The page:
Chengdu is indeed a layback city as they claim. One thing that grasped my heart was the abundance of tea houses or tea gardens. Walking through a tea house, you can hear the locals chatting loudly in thick Sichuan dialect interrupted occasionally by the sound of crashing mahjong tiles and the cracking sound of peanuts. Once in a while, you will hear a high pitch jingle sound from the "ear cleaners." This autumn was often warm and sunny, something that was odd in the cloudy Chengdu, but the humidity hit the hardest as winter crawled. The lack of sunlight mixed with a little bit of air pollution made everyday feel too cold for a Southern Californian who felt homesick every time the sun peaked out. I spent the first two months strolling around the city silently with my poor Chinese to get familiar with my new home. Chengdu is not big but it is nevertheless full of places to be explored. The famous attractions, to name a few, are the panda reserve, Dufu Cottage, Sichuan Museum, and Qing Yang Temple. The periphery of Chengdu is definitely not to be ignored with the prestigious Emei Mountain and the Giant Buddha at Le Shan Mountain. Two hours and a half of high speed railway also took me to Chengdu's hilly competitor, Chongqing. When asked the locals from the two cities, the comparisons reminded me of the Los Angeles versus San Francisco debate.
The most welcoming feeling I received was from my supervisor and his graduate students. It was difficult for me the first couple of months to communicate with them because I basically knew zero Chinese, but they tried to dig out every English word they remembered and occasionally used their cell phones for accurate translation. In the meantime, I spent the weekdays in Chinese language classes and once a week to practice tai ji and Chinese calligraphy. Chinese culture is very different from American. I learned from my own mistakes and from both international and Chinese students' anecdotes. Funny thing is the birthday boy/girl has to buy his/her friends dinner not the friends. I made more Chinese friends as my Chinese progress. Aside from learning, I also taught English twice a week to college freshmen and sophomores and volunteered with a local environmentaloriented NGO.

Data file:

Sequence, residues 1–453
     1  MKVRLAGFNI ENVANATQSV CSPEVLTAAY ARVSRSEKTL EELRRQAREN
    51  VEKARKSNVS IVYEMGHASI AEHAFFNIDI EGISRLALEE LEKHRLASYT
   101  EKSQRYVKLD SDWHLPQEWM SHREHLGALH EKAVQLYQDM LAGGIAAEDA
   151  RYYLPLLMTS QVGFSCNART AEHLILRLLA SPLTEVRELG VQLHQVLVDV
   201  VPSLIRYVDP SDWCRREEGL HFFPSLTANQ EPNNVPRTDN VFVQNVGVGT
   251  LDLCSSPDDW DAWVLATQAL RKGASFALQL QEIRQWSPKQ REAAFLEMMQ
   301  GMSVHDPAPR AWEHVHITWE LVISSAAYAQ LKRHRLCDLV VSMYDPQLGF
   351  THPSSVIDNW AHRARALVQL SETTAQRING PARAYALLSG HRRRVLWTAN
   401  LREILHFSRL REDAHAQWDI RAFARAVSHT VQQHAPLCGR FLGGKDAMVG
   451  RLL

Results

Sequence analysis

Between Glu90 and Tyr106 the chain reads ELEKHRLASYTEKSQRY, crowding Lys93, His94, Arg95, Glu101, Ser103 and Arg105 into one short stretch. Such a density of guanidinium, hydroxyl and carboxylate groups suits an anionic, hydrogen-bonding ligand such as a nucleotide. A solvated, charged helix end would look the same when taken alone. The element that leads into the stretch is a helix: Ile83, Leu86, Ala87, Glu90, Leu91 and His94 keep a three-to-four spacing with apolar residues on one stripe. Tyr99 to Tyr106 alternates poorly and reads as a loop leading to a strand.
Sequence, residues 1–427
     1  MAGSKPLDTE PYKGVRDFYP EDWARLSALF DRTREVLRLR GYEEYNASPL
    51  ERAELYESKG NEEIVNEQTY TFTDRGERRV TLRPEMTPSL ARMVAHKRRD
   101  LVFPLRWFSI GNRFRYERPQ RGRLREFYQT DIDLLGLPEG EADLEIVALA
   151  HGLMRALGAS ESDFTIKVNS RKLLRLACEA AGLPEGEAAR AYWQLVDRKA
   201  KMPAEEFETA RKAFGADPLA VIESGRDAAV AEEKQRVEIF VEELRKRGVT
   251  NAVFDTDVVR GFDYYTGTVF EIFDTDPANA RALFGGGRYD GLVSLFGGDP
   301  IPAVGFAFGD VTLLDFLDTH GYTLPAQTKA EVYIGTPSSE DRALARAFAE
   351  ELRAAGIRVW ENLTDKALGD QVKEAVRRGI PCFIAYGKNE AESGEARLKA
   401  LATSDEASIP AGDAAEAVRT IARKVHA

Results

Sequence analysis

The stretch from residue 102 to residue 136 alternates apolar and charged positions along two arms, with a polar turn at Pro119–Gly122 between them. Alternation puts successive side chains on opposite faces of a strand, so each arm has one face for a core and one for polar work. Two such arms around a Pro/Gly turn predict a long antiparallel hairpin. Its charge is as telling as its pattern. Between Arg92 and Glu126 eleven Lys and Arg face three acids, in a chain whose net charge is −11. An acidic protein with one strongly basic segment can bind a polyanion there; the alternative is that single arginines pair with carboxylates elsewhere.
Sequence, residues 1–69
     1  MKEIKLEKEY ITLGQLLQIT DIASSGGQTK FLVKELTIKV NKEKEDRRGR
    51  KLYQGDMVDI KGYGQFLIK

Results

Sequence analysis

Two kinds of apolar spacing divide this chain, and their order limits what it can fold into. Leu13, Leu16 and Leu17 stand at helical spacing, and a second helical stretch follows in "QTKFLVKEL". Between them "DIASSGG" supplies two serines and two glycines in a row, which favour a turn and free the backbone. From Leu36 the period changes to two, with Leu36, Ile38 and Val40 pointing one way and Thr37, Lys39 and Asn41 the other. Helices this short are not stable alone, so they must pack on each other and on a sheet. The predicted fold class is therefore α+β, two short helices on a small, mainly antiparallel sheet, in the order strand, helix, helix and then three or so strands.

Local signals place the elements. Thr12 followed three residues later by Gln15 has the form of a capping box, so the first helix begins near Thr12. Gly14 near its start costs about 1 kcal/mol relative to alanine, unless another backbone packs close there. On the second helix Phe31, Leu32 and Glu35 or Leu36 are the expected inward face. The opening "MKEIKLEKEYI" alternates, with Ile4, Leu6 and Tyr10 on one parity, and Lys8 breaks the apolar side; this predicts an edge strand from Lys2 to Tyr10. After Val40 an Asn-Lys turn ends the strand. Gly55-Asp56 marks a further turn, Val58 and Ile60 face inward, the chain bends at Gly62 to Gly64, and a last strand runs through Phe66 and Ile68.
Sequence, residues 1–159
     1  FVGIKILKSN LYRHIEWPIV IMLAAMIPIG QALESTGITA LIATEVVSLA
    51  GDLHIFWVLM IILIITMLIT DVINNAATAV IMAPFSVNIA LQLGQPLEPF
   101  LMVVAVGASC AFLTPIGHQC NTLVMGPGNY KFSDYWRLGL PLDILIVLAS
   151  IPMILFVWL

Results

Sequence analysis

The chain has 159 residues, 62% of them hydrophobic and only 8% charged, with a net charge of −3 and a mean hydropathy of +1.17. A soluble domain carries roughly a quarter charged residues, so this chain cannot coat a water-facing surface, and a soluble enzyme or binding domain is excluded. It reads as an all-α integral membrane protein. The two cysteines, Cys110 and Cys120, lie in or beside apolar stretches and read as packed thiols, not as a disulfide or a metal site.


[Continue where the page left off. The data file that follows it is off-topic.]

Next semester, I will be teaching a class on geographical information system to entering graduate students. Of course, it will be in English. By the end of the scholarship, I hope to take the Chinese language standardized test (HSK). The scholarship undeniably gave me a once in a lifetime opportunity to study in China. The opportunity I always dreamt about but never thought it would come true. Thank you, Dr. Sun, Dr. Su, and everyone at CSUN China Institute for giving me this opportunity.